He became professional in 1973. The highlight of his career was his overall win in the 1977 Giro d’Italia.
In the 1978 Tour de France, he was the Belgian national champion when he won the stage arriving in Alpe d’Huez and took the yellow jersey. However, he was accused of foul play in the succeeding doping test, having used what was described politely as a pear-shaped tube (in fact, a condom) of different urine held under the armpit and connected by a plastic tube to give the impression of urinating. Pollentier was uncovered after another rider at the test had trouble operating his own system of tubes and aroused the suspicion of the doctor, who then demanded Pollentier lift his jersey to show if he too was cheating. He was put out of the Tour, later won by Bernard Hinault.
The affair took away most of Pollentier’s credibility in international cycling. Even though he won the 1980s edition of the Tour of Flanders, he also came 2nd in 1982 Vuelta a España. 1984 was his last professional season. After his cycling career, Pollentier became a car tire garage owner and founded a cycling school.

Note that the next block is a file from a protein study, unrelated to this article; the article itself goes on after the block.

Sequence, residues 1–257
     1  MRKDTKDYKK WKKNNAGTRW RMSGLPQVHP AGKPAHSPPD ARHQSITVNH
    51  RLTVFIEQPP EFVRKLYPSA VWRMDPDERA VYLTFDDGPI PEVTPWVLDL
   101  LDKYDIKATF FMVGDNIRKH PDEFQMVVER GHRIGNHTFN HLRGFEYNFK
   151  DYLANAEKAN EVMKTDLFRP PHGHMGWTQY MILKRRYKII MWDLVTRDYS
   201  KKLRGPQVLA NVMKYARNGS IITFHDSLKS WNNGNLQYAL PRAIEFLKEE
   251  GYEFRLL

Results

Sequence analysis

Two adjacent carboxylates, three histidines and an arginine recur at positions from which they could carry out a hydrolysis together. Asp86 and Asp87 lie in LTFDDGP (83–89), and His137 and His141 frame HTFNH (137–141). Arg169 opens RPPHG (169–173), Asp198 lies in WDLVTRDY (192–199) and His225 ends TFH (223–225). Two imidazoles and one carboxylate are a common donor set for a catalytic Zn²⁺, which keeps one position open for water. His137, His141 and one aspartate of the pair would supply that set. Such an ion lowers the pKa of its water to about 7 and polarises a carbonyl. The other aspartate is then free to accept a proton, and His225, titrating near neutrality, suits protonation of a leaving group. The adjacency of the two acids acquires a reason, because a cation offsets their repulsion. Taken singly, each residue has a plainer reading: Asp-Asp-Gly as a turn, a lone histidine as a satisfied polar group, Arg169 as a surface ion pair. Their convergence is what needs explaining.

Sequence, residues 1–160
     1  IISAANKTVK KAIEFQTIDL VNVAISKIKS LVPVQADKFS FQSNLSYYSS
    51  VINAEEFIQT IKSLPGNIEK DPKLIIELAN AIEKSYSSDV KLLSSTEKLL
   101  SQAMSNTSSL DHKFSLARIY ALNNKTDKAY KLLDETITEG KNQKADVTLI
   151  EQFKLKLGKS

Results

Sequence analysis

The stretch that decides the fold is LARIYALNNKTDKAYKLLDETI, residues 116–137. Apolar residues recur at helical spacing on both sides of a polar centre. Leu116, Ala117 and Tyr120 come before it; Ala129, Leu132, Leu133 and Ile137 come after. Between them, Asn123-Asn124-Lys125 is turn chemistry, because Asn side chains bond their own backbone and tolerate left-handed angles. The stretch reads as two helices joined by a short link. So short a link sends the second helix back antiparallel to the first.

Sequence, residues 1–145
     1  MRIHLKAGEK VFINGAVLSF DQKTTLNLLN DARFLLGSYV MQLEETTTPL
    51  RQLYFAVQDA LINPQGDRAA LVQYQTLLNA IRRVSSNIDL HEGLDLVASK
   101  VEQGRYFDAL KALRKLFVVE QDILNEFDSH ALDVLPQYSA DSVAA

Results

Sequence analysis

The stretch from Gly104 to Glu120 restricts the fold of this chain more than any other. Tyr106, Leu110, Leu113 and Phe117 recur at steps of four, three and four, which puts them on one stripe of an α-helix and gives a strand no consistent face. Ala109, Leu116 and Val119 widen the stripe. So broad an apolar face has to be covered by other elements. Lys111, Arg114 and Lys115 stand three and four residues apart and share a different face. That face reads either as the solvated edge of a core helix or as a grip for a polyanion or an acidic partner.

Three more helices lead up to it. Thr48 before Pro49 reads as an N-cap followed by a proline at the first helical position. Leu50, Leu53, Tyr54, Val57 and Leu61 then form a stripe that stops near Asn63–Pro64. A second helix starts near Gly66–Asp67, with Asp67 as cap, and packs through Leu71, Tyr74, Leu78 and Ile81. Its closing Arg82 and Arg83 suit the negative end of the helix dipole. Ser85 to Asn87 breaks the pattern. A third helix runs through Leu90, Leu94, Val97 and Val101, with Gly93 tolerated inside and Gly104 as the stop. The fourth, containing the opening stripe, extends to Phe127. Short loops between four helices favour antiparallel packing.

In “Seigneurs et Forcats du Velo” by Olivier Dazat, Pollentier is quoted as saying that he and another named Belgian cycling champion of the era had trouble after their careers because of drugs they had taken while racing. Dazat quotes him as saying: “I’ve never hesitated to confess that I spent three weeks under the surveillance of Dr. Dejonckheere at the St-Joseph clinic at Ostend and that after treatment… I stayed under his control for another two years. Why hide it? It’s impossible to come out of a situation like that without the help of a doctor.’
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